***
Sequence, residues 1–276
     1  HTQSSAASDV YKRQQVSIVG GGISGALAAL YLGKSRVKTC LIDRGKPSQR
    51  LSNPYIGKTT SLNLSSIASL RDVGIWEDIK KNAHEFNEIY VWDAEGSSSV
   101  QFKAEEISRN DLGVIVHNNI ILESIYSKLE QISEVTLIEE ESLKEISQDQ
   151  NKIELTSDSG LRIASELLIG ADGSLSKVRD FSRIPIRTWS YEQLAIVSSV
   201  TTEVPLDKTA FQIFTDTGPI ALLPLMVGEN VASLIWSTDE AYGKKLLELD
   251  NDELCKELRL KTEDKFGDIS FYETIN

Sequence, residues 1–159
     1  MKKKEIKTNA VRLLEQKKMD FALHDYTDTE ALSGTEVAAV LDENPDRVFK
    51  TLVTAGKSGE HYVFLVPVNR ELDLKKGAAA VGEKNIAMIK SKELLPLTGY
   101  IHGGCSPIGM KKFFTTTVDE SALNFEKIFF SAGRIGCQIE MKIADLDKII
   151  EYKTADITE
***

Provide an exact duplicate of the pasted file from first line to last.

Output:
Sequence, residues 1–276
     1  HTQSSAASDV YKRQQVSIVG GGISGALAAL YLGKSRVKTC LIDRGKPSQR
    51  LSNPYIGKTT SLNLSSIASL RDVGIWEDIK KNAHEFNEIY VWDAEGSSSV
   101  QFKAEEISRN DLGVIVHNNI ILESIYSKLE QISEVTLIEE ESLKEISQDQ
   151  NKIELTSDSG LRIASELLIG ADGSLSKVRD FSRIPIRTWS YEQLAIVSSV
   201  TTEVPLDKTA FQIFTDTGPI ALLPLMVGEN VASLIWSTDE AYGKKLLELD
   251  NDELCKELRL KTEDKFGDIS FYETIN

Sequence, residues 1–159
     1  MKKKEIKTNA VRLLEQKKMD FALHDYTDTE ALSGTEVAAV LDENPDRVFK
    51  TLVTAGKSGE HYVFLVPVNR ELDLKKGAAA VGEKNIAMIK SKELLPLTGY
   101  IHGGCSPIGM KKFFTTTVDE SALNFEKIFF SAGRIGCQIE MKIADLDKII
   151  EYKTADITE